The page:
The Difference Between Pasteurized and Ultra-pasteurized Milk

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A reader asked me recently if the pasteurized milk in her grocery store would work for making yogurt. The directions said not to use ultra-pasteurized, is that the same thing?

The short answer is no, pasteurized and ultra-pasteurized are not the same thing. And the “regular” pasteurized your grocery store most-likely carries will work for yogurt.

This is a really good question, though, because there are a lot of different labels floating around for milk: pasteurized, ultra-pasteurized, organic, homogenized, raw. What do they all mean? Are they marketing fluff or do they make a difference? Can you taste the difference?


Chow.com did a blind taste test to find out, and included a glossary describing what the terms all mean. What did they find?

  • Organic tastes better than non-organic.
  • Non-homogenized milks were smoother, creamier, and overall more delicious than homogenized.
  • Ultra-pasteurized should probably be avoided, because the milk can taste “cooked.” That’s fine if you’re making rice pudding, but otherwise, we prefer fresher-tasting milk.
  • Raw milks are the most flavorful, but you have to be ready for them: If you prefer a neutral beverage that tastes almost like ice water, raw milk’s tangy, barnyardy, grassy notes may be off-putting.

So if you have any questions about what the different labels mean, go check out the Chow.com article.

Comments

  1. Thanks so much for addressing my question Drew. I appreciate the information!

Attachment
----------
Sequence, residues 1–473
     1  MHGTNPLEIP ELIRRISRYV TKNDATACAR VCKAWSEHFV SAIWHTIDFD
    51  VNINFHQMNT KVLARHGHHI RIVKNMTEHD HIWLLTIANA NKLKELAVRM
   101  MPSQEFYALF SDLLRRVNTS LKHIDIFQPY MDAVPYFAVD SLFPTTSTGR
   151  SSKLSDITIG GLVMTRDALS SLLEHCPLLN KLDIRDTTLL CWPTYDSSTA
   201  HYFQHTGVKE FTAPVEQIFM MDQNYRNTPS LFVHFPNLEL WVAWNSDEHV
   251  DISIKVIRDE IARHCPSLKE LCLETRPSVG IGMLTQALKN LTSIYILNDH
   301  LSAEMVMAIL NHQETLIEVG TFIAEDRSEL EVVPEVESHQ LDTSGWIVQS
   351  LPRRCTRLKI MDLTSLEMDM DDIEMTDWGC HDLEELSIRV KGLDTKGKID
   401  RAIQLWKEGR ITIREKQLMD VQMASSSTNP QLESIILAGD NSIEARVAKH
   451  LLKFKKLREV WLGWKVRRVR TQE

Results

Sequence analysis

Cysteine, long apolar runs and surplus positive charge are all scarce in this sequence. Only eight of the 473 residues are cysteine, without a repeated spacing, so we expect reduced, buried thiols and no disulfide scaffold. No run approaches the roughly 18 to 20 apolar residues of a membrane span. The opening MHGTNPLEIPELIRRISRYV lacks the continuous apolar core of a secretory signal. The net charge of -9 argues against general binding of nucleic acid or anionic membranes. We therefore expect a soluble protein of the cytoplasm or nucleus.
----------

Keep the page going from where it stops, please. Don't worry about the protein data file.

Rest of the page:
2. I was curious if these same rules apply everywhere, not just in the USA. We have Milks here that are deemed ‘More Digestable’ like Zymil, and Milk that comes in BOXES. Like… UNREFRIGERATED. Thanks to a company called TetraPAK, they can do that even with Heavy Cream and Real Whipped Eggs, not the dehydrated/rehydrated kind. I haven’t seen a viariety of Milk here deemed ‘Organic’, but maybe I’m not going into the right stores.

  3. Kate, all the terminology is going to be completely different. You know, for instance, that the terms “virgin” and “extra virgin” for olive oil have no legal definition in the U.S.? Which means they can slap those labels on pretty much anything.

    The boxed, non-refrigerated milk is probably ultra-pasteurized. There’s a great rule of thumb I first heard applied to bleached white flour: Anything with a long shelf life has had so much nutrition removed that even bugs won’t touch it.

  4. I wonder where they sourced their raw milk? There are mucho variations among raw milk tastes as well.

  5. Thanks for the update, Drew!

    I was wondering the same thing as Michael… our milk has never been barnyard-y nor has any (cow or goat) milk from any of my farming buddies. Raw milk has tons of benefits as well as being great tasting.

    But regardless of where you get it – any glass of milk goes with your spectacular brownies! Wow! I made a batch of your “How to Make Perfect Brownies”… they were excellent. And easier than just opening a mix.. I’m completely sold and am spreading the word! They were really chocolaty – and I just had the normal Hershey’s cocoa and Nestle chocolate chips. Can’t wait until I have even better chocolate!